The biggest challenge comes from insurance companies, and that’s true for all of us in this business. The reimbursement process makes it nearly impossible, in some cases, to profit, or even to break even. The pushback we’ve received from chain stores has also been astonishing: they try to talk people out of transferring, refuse to transfer prescriptions, make people wait days after their medication has run out. Those issues have been challenging. But overall, we’ve had a really positive first year.

    What has been most rewarding about the experience?

    The feedback from the community has been wonderful: people are so happy to find us and become customers. The positive feedback and referrals from area clinicians also has been so humbling. I think it’s because I’ve been a member of this community for so long. In fact, I’ve been an elected official in Dedham for 21 years, as Chairman of the Board of Health, Chairman of the Council on Aging, and Co-Chair of the Coalition for Drug and Alcohol Awareness. Additionally, I’m so lucky to have a staff who are all on the same page when it comes to how you treat people—we are very much a family here. Many of the employees here have worked with me for many years at past businesses. My pharmacist (Carolyn Arnish PharmD ’14) worked with me as a high school student; my tech worked with me at another business 20 years ago. It’s very comforting for customers to see these familiar faces when they come in.

    What has surprised you and what have you learned?

    I’m surprised at both the number of people in the community who vocally support small local businesses, and at the continuous influx of new customers every day. We ran some stats and discovered that we average two new customers every day. It’s always so surprising when someone comes in with a prescription referral from a specialist we’ve never heard of—just the other day we got a referral from an eye doctor in Needham. That really points to the positive reputation we’ve earned in a very short time. And in terms of learning, I think that running my own pharmacy is a constant reminder of the Golden Rule: “Treat others as you would like to be treated.”

    How and when did you prepare for entrepreneurship? Did MCPHS play a role?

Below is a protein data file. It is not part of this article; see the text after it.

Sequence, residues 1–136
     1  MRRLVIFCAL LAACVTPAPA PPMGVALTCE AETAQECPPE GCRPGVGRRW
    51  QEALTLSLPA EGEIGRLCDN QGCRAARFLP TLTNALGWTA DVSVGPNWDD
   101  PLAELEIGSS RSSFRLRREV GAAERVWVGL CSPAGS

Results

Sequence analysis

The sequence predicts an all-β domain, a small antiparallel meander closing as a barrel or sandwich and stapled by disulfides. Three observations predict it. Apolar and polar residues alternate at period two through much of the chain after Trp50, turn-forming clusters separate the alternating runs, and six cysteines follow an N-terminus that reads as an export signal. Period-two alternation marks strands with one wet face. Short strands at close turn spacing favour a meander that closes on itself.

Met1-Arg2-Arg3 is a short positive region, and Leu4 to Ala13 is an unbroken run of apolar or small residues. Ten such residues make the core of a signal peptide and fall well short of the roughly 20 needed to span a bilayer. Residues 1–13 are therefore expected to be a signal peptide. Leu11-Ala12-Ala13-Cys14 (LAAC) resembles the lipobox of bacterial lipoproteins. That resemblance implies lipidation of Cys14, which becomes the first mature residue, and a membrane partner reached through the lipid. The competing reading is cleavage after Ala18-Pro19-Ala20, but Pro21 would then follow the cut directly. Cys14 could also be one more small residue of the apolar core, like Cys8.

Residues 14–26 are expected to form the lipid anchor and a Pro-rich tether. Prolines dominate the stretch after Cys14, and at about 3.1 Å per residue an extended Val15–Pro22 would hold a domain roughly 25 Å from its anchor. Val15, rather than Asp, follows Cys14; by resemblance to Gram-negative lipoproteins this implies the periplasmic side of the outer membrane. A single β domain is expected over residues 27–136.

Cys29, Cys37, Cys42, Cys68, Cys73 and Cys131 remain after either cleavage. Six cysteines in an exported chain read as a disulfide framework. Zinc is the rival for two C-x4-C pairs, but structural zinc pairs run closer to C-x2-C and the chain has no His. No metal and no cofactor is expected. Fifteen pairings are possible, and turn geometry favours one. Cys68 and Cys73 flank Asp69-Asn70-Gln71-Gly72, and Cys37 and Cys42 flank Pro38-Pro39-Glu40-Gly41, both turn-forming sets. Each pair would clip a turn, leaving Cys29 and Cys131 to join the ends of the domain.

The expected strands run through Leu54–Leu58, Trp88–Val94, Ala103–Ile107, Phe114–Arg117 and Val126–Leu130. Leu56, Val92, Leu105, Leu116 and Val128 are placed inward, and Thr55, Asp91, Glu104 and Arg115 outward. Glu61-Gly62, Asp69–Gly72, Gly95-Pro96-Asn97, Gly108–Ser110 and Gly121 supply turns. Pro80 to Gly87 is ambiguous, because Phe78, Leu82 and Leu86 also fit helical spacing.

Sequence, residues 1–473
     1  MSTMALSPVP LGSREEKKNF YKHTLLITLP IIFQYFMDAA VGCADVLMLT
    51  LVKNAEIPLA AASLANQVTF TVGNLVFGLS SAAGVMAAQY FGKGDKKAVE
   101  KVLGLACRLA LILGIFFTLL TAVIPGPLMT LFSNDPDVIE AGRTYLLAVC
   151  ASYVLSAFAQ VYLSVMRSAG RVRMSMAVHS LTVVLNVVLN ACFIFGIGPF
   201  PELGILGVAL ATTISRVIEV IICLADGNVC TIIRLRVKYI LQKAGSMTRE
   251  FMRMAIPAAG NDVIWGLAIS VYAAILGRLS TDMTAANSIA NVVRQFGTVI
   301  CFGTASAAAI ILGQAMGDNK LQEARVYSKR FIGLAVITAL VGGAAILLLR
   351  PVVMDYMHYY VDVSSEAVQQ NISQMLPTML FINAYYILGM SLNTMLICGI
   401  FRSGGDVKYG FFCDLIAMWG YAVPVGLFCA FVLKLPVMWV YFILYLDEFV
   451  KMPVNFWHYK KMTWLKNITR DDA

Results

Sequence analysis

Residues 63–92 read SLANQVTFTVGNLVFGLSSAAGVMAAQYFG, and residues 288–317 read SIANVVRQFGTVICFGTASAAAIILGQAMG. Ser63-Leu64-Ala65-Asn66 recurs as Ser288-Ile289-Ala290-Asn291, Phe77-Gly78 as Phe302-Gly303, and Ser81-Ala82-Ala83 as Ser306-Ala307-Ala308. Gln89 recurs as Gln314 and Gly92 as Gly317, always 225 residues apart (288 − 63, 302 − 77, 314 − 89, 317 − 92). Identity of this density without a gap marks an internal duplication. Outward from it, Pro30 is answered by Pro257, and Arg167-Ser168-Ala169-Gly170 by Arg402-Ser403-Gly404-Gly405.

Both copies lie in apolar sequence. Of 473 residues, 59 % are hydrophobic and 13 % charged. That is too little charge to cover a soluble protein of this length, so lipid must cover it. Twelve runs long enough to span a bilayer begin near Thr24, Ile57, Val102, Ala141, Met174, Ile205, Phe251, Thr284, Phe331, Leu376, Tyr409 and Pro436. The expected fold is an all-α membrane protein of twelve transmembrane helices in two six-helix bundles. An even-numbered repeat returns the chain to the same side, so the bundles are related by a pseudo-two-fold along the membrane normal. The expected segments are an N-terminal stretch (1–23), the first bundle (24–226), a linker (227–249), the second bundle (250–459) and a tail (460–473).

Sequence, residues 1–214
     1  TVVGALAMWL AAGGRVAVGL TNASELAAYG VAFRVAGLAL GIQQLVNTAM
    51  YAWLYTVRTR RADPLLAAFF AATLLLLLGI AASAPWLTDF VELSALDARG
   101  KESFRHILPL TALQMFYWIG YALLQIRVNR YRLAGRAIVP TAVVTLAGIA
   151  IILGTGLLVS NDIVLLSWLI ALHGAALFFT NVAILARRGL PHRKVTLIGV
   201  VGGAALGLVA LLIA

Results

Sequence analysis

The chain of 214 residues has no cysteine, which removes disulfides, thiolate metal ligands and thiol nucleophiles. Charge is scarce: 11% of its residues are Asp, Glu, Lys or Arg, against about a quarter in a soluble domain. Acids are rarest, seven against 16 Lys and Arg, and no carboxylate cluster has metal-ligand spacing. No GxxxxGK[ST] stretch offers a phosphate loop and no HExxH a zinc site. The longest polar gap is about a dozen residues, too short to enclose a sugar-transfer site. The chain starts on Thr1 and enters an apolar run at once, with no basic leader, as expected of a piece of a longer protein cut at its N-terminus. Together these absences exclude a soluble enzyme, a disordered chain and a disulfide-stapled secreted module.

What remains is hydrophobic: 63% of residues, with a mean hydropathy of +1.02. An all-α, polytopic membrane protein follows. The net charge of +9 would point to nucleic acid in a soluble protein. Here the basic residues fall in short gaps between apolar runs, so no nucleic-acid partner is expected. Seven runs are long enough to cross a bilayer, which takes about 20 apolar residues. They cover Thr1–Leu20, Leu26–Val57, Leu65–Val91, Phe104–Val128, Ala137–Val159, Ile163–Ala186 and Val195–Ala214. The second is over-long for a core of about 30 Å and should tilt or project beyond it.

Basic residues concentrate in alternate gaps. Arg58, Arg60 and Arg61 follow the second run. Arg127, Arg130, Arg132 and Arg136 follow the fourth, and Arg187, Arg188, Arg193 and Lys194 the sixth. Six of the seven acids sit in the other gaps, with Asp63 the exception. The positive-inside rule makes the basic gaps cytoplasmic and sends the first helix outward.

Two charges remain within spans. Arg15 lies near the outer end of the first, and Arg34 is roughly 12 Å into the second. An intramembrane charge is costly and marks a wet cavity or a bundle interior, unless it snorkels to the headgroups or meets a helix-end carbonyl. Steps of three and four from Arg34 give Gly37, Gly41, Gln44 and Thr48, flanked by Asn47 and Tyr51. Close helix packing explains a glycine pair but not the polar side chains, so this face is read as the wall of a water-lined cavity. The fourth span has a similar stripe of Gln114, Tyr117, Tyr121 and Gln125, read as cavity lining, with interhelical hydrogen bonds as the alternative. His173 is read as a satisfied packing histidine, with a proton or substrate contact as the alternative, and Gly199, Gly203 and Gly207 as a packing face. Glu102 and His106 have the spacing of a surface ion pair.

When I was at MCPHS, it seemed that everyone’s father, grandfather, or uncle owned a family business. Almost everyone had some exposure to the workings of a small business. I had that experience too, not from my family but from my employers, since I was 13! As a result, I was always sitting in class with this community of small business owners and future small business owners, and there was this camaraderie. You could learn a lot from the people sitting next to you.

    What advice would you give to current MCPHS pharmacy students who are on the verge of launching their own careers, or even their own businesses?

    They need to know their geographic area and the community in which they’re thinking about starting a business. It’s important to be part of that community in some way. I’m not saying that you have to live there. But if you want to build that community business where everyone knows your name, you need to give back. Not just monetarily, but your time and your engagement. And yes, even though all the big chains are moving in, I’m seeing a lot of local independents opening as well. You have to make a profit, but your love for the profession and the community also has to be a part of it. For years, pharmacy topped the list of “most respected professions”, and you can be part of that. People say you can’t possibly love going to work every day, but I truly do. I truly do.

    The School of Pharmacy prepares students for successful careers in pharmacy. Learn more about our six year, direct entry PharmD program in Boston or the accelerated 34-month PharmD program in Worcester and Manchester, NH.